New Delhi: In the first 45 months of Modi’s reign, he didn’t chair a single meeting of the Lokpal selection committee. In response to a Right to Information (RTI) plea, the Department of Personnel and Training (DoPT) further reveals that no meeting of the search committee was convened during that time either.
The Lokpal and Lokayuktas Act was passed in 2013 to set up an independent and empowered body to look into cases of corruption. Although the BJP came to power on the plank of anti-corruption, the government has failed to appoint a single Lokpal so far, said RTI activist Anjali Bhardwaj, who filed the plea.
A member of the National Campaign for People’s Right to Information (NCPRI), Bhardwaj filed the query to learn about the status of the selection and search committees which are needed to appoint the Lokpal.
Activists had flagged this issue in January
In January, NCPRI wrote a detailed letter to Modi stating that the delay in the appointment of Lokpal has “created a strong perception that your government does not wish to put in place an effective anti-corruption institutional framework.”
It noted with concern that while the Act was passed in December 2013 and was notified in the gazette on January 1, 2014, not a single Lokpal has been appointed till date. “The Lokpal law was demanded by the people of the country as there was a need for an independent and empowered body to look into cases of corruption of public servants,” it pointed out.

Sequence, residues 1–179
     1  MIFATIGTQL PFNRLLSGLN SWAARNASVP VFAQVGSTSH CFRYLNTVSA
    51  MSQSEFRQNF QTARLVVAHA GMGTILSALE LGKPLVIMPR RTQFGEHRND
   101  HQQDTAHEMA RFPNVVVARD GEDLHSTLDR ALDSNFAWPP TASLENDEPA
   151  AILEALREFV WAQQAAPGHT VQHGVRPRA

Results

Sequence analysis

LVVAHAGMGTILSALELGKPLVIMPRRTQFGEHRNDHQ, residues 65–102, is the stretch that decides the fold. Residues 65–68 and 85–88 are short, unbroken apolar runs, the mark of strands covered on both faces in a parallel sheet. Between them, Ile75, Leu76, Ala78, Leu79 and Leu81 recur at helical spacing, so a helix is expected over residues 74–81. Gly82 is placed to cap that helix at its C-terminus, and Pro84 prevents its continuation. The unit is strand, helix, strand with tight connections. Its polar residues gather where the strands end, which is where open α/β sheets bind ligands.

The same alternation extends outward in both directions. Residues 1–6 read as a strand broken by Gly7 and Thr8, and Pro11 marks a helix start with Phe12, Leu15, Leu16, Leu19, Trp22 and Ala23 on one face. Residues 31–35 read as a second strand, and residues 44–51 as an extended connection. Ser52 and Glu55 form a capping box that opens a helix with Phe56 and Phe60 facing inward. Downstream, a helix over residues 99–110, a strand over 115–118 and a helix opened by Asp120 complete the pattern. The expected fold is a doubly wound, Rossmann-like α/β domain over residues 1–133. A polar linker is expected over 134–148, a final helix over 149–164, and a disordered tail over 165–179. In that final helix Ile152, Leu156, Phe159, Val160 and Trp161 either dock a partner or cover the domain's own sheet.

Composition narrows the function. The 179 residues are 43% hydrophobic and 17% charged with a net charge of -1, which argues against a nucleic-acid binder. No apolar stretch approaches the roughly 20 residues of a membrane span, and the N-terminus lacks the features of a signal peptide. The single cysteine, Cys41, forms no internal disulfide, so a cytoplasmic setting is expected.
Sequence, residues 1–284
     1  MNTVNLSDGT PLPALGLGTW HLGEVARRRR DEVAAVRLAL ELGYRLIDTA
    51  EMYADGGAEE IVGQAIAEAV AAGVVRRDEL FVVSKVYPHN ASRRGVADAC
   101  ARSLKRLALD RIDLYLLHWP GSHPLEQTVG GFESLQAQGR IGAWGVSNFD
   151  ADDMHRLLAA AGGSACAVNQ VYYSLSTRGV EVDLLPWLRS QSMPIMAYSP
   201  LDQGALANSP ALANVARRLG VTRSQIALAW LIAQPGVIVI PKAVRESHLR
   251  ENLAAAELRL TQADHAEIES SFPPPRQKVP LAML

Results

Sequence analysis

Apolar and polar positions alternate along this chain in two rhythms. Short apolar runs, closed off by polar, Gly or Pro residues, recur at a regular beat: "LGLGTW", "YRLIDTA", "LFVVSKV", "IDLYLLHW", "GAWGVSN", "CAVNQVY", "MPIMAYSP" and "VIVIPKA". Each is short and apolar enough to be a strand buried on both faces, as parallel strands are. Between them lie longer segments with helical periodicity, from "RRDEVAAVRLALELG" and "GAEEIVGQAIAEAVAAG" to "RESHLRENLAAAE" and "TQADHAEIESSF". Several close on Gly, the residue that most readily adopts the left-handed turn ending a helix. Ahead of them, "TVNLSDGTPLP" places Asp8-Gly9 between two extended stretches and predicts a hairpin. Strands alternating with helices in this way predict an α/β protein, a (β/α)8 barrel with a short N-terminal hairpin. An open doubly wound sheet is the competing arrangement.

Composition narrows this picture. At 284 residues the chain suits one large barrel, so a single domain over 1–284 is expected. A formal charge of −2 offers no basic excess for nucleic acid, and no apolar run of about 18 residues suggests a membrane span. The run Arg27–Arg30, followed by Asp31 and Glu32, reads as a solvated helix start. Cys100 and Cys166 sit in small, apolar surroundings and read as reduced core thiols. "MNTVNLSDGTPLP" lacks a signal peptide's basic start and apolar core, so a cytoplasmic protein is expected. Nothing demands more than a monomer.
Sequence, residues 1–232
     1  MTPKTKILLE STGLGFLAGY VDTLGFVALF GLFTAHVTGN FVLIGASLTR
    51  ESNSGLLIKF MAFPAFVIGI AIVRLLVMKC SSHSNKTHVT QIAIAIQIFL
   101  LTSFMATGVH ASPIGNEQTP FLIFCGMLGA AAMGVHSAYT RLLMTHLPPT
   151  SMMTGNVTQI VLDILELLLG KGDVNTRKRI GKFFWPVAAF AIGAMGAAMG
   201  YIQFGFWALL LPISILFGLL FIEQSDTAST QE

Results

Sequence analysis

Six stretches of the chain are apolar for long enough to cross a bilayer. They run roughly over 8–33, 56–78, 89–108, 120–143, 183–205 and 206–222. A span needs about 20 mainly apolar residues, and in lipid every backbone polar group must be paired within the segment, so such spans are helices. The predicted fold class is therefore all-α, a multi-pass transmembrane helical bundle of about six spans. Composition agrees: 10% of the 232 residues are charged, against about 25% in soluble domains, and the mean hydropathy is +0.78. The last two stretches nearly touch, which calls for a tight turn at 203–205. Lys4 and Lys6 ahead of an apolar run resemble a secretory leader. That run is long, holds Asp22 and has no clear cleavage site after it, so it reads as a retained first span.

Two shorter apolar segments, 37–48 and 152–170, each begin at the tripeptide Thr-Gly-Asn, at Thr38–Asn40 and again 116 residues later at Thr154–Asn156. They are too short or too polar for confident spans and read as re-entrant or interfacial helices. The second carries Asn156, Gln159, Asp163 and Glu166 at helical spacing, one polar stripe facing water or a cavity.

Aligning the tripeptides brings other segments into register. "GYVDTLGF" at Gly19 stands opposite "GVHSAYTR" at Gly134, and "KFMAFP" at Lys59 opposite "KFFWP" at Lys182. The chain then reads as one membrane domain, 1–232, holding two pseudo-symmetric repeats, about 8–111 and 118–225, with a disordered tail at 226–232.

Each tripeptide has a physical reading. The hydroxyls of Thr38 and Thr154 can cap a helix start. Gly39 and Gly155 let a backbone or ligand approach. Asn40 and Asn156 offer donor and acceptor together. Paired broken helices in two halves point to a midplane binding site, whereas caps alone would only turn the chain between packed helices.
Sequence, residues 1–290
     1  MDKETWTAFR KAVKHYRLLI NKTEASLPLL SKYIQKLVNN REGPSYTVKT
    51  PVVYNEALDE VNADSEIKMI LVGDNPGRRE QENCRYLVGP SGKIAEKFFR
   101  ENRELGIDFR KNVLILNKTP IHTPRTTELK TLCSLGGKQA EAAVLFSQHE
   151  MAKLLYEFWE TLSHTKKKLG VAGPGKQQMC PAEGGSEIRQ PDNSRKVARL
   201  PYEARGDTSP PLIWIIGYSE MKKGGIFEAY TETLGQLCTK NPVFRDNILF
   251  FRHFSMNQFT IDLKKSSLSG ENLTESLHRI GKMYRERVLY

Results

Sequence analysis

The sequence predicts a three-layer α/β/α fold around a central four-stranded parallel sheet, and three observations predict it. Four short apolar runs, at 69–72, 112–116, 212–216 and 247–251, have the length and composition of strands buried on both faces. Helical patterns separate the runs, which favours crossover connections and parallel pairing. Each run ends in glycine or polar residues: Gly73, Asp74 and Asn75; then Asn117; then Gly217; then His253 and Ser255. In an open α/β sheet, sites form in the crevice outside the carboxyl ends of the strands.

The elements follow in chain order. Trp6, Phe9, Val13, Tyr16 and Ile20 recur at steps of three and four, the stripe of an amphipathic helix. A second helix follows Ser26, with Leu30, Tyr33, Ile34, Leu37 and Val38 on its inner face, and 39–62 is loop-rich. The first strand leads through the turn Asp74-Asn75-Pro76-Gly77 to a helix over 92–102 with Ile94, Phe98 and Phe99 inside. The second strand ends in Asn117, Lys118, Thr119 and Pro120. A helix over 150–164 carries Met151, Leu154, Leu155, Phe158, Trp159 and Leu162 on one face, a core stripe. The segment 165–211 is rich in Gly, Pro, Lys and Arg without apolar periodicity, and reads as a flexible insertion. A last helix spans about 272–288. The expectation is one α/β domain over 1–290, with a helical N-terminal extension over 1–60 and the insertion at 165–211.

In her application, Bhardwaj asked for information regarding the selection committee constitution under the Lokpal and Lokayuktas Act, 2013. In particular, she sought details of the number of meetings of the committee held since January 1, 2014; dates and minutes, discussions and proceedings of these meetings and the name and designation of persons who attended them.
In response, the DoPT on December 13 disclosed that the first two meetings of the selection committee were held on February 3 and February 21, 2014 respectively under the chairmanship of then Prime Minister Manmohan Singh. They were both attended by Lok Sabha Speaker Meira Kumar, Leader of the Opposition Sushma Swaraj and Justice H.L. Dattu of the Supreme Court. The second meeting was also attended by eminent jurist P.P. Rao.
Fast-forward to 2018 – six meetings of the selection committee were held under the chairmanship of Prime Minister Narendra Modi. The first two of these meetings were convened on March 1 and April 10 this year. These were also attended by Lok Sabha Speaker Sumitra Mahajan and former Chief Justice Dipak Misra.
Four more meetings were held under Modi on July 19, August 21, September 4 and September 19. Apart from Mahajan and Justice Misra, these were also attended by eminent jurist Mukul Rohatgi.
For nearly 45 months in the middle, no meetings were convened.
Minutes ‘shared as secret documents’
Answering another query from Bhardwaj, DoPT said it did not have the “authorship” of documents like minutes of the meeting, since these were attended by 3-5 very “high level dignitaries”. It said these minutes have only been “shared as secret documents” and therefore their copies could not be provided by the concerned central public information officer.